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Prophecy Six Blog

Sharing My Unedited Writing Experiences & Life Experiences.

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Old Word Friday: Words Found in Children of Sirphan

Hello World!

So this Old Word Friday is going to focus on the old words I mixed into my new book Children of Sirphan, which is going to be released in 4 days (December 20th). I thought it would be appropriate to bring back some old words that I shared back at the beginning of the Old Word Friday series and they just so happen to be in use throughout my most recent book. So, without any further delay here we go!

Mullock

This word is a noun which means rubbish or nonsense. The word mullock is still popular in places like Australia and many of you would likely have heard the word mullarkey or malarkey – which is the modernized and more popular term deriving from mullock.

How do you pronounce mullock?

MUL – LUCK

How to use this word in a sentence:

“Well… you have done some unexplainable things that were explained by that mullock…” Caldor huffed.

Or…

He only hoped his colleagues wouldn’t denounce him for believing such mullock.

Should mullock make a comeback?

In a sense it already has with the term mullarkey or malarkey being so popular in other parts of the world. Mullock, though, is a word I use on a regular bases and have used in my books. I would like to see more people welcoming the word into their vocabulary but I do not know if that is going to happen anytime soon.

 

Twirlblast

Twirlblast is a noun which is another name given to a tornado or wind funnel. I chose to share this word originally because I like how it sounded and thought it funny that tornado had replaced such a silly sounding word.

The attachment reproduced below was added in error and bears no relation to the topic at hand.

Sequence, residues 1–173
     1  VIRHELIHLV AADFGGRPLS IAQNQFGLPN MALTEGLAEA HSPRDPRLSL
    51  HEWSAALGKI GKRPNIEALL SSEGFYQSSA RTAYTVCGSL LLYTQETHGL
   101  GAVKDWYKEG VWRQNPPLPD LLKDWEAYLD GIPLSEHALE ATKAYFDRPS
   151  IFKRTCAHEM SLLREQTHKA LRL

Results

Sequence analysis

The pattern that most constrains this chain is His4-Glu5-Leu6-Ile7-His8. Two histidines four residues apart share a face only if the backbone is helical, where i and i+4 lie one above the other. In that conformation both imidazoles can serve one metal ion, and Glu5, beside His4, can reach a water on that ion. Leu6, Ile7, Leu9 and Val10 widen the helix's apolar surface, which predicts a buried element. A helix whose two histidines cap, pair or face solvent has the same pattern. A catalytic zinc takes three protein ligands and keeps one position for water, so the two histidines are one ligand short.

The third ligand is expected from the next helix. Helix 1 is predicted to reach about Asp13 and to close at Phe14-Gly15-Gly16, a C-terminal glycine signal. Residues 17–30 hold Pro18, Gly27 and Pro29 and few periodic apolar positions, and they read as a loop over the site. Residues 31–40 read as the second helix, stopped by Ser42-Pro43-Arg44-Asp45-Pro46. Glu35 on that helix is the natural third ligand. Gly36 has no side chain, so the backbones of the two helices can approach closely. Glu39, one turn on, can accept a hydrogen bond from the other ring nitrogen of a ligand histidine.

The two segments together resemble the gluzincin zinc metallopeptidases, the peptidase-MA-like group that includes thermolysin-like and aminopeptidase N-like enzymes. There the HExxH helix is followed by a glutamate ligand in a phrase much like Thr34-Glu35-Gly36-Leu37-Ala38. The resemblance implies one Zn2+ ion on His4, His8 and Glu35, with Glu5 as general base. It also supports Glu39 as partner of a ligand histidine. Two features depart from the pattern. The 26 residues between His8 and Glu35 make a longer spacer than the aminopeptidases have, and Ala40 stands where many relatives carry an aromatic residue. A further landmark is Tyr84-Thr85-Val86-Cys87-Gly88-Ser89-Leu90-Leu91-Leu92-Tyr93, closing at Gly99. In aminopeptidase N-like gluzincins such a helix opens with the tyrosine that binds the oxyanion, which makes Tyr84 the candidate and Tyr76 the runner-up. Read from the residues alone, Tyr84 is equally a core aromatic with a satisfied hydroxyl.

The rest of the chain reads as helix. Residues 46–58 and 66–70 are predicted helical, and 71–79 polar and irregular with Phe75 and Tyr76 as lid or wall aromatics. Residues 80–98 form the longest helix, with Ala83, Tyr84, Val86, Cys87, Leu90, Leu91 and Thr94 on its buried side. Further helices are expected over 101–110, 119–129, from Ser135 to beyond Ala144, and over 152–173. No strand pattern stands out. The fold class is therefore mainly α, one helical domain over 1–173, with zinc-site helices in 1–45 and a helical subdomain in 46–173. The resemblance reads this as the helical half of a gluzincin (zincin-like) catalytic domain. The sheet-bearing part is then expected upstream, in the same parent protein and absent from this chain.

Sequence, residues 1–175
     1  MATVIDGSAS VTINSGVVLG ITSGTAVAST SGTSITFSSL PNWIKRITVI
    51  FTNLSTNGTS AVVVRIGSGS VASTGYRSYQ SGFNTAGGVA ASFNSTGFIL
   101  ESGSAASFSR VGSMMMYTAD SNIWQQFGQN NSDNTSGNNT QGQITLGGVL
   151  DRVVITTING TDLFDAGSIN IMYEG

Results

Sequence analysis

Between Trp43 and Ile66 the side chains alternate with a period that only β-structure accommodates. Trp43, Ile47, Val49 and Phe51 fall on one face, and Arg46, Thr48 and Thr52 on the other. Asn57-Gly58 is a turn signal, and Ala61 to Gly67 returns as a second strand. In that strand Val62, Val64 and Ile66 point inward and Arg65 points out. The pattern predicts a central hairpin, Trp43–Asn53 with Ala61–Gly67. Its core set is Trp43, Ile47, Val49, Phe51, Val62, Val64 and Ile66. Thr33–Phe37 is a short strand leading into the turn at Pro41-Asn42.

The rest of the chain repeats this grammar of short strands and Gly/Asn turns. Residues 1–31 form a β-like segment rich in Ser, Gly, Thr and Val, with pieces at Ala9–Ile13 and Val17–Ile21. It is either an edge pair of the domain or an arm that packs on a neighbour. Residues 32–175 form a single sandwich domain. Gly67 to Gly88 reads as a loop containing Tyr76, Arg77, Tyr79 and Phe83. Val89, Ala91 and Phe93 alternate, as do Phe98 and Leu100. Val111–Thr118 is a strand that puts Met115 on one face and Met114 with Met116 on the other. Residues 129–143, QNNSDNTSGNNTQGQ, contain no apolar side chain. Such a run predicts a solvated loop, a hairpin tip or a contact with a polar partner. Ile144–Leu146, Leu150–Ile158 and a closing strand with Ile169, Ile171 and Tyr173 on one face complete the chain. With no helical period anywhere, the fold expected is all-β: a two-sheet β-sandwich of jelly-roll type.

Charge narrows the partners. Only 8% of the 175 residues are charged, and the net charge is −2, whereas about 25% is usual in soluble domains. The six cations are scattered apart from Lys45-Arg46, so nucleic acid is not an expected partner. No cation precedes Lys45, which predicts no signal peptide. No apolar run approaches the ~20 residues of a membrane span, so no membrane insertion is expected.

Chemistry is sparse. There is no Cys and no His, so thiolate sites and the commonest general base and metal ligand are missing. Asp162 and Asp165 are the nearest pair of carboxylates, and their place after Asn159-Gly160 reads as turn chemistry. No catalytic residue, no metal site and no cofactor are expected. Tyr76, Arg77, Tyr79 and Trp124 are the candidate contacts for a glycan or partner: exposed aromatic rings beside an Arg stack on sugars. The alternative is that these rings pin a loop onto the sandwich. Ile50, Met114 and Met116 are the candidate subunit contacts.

How do you pronounce twirlblast?

TWIRL – BLAST

How is twirlblast used in a sentence?

“It looks like a twirlblast came through here,” Liora sighed as the old sage spun around to face her.

Or…

“Hey yoou…” Cáel strained to use the common word, while keeping a calm tone of voice. He avoided stepping on the books that lined the floor like pop pots. He didn’t need her turning her anger towards him. “Looks like a twirlblast came tearin’ through here, eh?”

Should twirlblast make a comeback?

I think it would be a fun word to know but wouldn’t be a popular word to use. I only say that because the word twirlblast sounds like your downplaying the dangers of what a tornado can do. A twirlblast sounds like a blast of hot air in the summer not a spinning funnel of destruction.

 

Nibling

An oldie but still one of my favourites. Nibling means niece or nephew. They are your siblings offspring, therefore making them your niblings. I like this word because it combines two words (niece and nephew) in to one gender neutral word (nibling). It is also very fun to say.

How do you pronounce nibling?

NIB – LING

How do you use nibling in a sentence?

“No, Li, I need yah here to help Marcia,” Foe smiled, “her family will be visitin’ and yah’ll get to meet me niblings, who I’m sure yah’ll love.”

Or…

Revris is Rebin’s nibling.

Should nibling make a comeback?

Why not? It is a fun word. It simplifies things… and there was already a movement at a school in the UK that wanted to bring nibling back. If the children are wanting to use the word I don’t see why we shouldn’t bring this word back into the normal rotation of verbal conversation.

 

So there are just the three most used OLD WORDS I used in my most recent book – Children of Sirphan! Keep your eyes open closer to December 20th to find out where you can get your copy of this wildly popular young adult fantasy. Until next time be creative, stay safe, and as always Toodles! ^.^

 

Old Word Friday: Resarciate

Hello World Out There World!

This week on OWF I bring you resarciate. This word was created around the 1656 and reached pique popularity one year later in 1657. I’m sure this word is used today, not saying that any of the words I have posted thus far aren’t in use, but it isn’t commonly used or used in popularity. Hence it being on the OWF posts.